In case you haven’t noticed, the Kentucky football staff has really started hitting the areas north of the Bluegrass State this year in recruiting. What once seemed like the forbidden territories of Indiana, Ohio, and New Jersey have or are becoming major stops on the recruiting trail in addition to the always talent rich states of Florida, Georgia, South Carolina, and Alabama. After my post on roster attrition (HERE), I decided I wanted to dive a little deeper into Kentucky’s recruiting history by the states. Keep in mind that all prospect rating references are based on Rivals’ analysis of players. This is a relatively long piece, but bear with me.
Chapter I: Past Efforts
Looking back to the 2009 class, Kentucky has signed 105 players from 13 different states. While not all of them made it to campus or stuck around once they got to Lexington, the breakdown was pretty startling. Keep in mind that I’m only considering recruited, scholarship signees here.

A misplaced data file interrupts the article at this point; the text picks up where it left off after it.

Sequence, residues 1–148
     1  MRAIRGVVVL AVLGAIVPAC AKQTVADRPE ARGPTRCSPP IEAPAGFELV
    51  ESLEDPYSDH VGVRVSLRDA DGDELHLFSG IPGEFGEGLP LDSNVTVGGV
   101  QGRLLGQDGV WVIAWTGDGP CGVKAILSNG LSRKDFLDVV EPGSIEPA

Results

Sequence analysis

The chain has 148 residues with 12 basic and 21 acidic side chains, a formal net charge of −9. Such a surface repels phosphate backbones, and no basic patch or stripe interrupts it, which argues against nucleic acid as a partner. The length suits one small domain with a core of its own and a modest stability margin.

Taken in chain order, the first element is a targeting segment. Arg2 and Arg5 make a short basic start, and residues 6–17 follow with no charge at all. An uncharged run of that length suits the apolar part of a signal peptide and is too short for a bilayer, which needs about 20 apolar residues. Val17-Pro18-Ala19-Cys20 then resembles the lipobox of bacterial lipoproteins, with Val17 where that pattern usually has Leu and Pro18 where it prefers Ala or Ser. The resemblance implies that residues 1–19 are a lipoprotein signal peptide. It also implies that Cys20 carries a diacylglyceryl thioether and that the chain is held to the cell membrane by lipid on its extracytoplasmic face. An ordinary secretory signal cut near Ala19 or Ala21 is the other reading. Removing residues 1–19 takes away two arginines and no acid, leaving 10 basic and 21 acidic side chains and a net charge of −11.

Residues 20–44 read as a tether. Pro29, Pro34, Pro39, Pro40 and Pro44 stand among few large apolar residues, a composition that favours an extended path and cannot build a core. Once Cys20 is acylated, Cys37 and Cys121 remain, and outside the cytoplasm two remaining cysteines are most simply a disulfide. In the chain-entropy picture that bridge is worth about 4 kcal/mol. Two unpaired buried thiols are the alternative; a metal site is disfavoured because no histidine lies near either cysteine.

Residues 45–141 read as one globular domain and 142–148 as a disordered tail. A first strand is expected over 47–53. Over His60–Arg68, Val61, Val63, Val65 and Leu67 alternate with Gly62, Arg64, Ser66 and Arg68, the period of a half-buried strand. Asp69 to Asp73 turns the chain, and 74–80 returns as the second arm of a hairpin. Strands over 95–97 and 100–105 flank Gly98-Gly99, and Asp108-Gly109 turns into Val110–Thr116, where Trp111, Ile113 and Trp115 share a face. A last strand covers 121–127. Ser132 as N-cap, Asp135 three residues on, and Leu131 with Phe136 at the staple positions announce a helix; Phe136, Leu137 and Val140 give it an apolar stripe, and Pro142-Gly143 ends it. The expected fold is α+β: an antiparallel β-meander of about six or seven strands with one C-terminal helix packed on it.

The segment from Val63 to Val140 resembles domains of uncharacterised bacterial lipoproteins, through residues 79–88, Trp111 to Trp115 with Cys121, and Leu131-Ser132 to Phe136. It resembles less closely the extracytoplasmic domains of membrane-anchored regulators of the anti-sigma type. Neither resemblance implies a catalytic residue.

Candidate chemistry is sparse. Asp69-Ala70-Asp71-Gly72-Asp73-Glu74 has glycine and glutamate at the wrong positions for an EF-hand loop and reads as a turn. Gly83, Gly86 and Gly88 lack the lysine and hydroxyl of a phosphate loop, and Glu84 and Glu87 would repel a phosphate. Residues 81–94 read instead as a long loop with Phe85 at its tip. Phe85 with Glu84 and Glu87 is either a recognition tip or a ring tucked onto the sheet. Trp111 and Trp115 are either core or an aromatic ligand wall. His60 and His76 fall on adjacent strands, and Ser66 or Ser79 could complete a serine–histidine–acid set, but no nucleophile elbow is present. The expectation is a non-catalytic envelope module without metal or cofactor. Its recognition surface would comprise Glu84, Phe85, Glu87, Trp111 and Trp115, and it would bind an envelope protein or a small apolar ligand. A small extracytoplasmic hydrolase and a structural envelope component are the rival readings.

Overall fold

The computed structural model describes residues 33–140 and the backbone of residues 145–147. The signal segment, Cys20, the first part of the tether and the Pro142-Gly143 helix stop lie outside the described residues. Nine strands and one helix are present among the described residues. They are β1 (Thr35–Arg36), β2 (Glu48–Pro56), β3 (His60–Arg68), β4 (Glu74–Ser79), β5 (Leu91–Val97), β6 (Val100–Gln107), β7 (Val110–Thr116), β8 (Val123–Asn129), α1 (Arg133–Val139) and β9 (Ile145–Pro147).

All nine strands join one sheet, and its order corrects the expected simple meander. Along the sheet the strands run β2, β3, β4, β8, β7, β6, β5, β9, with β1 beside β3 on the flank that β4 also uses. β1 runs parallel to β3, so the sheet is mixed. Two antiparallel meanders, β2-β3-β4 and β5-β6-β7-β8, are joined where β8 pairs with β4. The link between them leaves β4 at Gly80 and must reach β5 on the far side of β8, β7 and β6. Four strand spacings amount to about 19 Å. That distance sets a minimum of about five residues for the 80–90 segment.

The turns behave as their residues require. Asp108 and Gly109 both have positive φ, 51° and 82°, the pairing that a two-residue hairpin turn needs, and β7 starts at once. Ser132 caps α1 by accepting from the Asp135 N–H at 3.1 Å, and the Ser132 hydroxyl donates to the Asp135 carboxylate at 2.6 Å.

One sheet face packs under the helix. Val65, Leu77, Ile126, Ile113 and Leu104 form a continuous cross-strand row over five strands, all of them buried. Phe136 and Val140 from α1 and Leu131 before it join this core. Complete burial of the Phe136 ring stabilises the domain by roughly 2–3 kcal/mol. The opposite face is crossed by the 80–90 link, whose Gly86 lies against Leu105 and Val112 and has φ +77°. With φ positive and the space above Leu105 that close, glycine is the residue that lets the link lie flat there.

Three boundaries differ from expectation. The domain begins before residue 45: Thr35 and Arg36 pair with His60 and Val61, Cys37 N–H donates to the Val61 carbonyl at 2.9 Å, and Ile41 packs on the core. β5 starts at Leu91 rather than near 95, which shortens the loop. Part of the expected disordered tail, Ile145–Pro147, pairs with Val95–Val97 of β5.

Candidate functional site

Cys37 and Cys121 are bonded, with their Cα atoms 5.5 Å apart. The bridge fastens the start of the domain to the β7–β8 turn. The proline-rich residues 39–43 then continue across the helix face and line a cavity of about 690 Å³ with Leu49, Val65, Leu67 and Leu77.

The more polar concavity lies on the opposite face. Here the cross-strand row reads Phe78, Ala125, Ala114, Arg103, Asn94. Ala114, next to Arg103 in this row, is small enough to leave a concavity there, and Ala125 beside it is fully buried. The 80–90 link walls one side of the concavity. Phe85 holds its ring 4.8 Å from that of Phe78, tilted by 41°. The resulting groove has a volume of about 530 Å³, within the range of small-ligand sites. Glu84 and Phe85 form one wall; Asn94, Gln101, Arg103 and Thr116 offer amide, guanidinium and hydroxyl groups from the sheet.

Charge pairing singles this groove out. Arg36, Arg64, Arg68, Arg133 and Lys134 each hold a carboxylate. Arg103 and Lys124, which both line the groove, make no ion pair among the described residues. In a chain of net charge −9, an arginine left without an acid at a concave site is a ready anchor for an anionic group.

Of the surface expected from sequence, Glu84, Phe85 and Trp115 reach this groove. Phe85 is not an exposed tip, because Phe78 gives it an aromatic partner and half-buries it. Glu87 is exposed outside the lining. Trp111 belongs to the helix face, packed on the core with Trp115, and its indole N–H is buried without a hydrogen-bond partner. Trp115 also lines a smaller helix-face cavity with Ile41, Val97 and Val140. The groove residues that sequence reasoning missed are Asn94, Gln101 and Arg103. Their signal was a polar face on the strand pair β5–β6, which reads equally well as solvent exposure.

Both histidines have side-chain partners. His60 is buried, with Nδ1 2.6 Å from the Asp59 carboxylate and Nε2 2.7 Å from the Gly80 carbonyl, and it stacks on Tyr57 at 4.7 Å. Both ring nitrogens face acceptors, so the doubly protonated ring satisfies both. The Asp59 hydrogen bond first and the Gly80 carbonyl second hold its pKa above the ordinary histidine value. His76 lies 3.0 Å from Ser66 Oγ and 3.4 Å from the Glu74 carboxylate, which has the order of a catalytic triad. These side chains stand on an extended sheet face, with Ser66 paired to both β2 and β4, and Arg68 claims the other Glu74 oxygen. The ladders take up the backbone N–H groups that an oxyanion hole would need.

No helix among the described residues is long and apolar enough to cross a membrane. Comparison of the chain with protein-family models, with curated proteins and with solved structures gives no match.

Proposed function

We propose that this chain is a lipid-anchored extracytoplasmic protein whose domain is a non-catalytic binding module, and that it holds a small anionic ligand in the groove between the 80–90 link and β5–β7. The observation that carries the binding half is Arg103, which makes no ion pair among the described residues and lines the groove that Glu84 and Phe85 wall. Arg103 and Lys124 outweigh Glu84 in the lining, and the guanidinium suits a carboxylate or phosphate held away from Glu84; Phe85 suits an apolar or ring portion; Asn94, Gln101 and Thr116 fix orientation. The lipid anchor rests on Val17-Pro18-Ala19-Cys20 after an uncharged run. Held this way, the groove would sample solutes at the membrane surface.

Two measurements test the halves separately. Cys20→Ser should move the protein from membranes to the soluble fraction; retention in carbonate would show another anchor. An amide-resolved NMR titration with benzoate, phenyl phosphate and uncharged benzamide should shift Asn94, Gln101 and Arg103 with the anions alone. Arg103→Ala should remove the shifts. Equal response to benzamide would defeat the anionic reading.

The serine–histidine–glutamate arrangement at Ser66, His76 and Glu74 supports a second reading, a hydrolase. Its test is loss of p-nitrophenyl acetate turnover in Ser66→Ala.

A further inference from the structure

Kentucky: 18 Georgia: 28 Tennessee: 10 Florida: 9
South Carolina: 9 Alabama: 6 Indiana: 6 Ohio: 5
Louisiana: 5 California: 4 Texas: 3 Maryland: 1
So over the past four signing classes, 70% of the players that have signed their letter of intent with Kentucky have been in-state recruits or from Georgia, South Carolina, Florida or Tennessee. The Wildcats have certainly recruited other areas to limited or no success also though. The states of North Carolina, Mississippi, Arkansas, Louisiana and Ohio have been regular stops for the staff for years, but only Ohio and Louisiana have seen more than one player sign with UK. The efforts in California have been almost exclusively in the junior college circuit there, and Maxwell Smith remains the only high school player Kentucky has signed from the state for over ten years and even he was an extenuating circumstance. Florida is also slightly misleading. While the state ties with South Carolina for the fourth most signees in the past four classes, The UK staff has spent a ton of their recruiting time and budget in the state and have struck out more often than not. The bottom line is that the bulk of the roster and most of Kentucky’s best players typically come from Georgia and Kentucky, with a couple of Tennesseans slid in.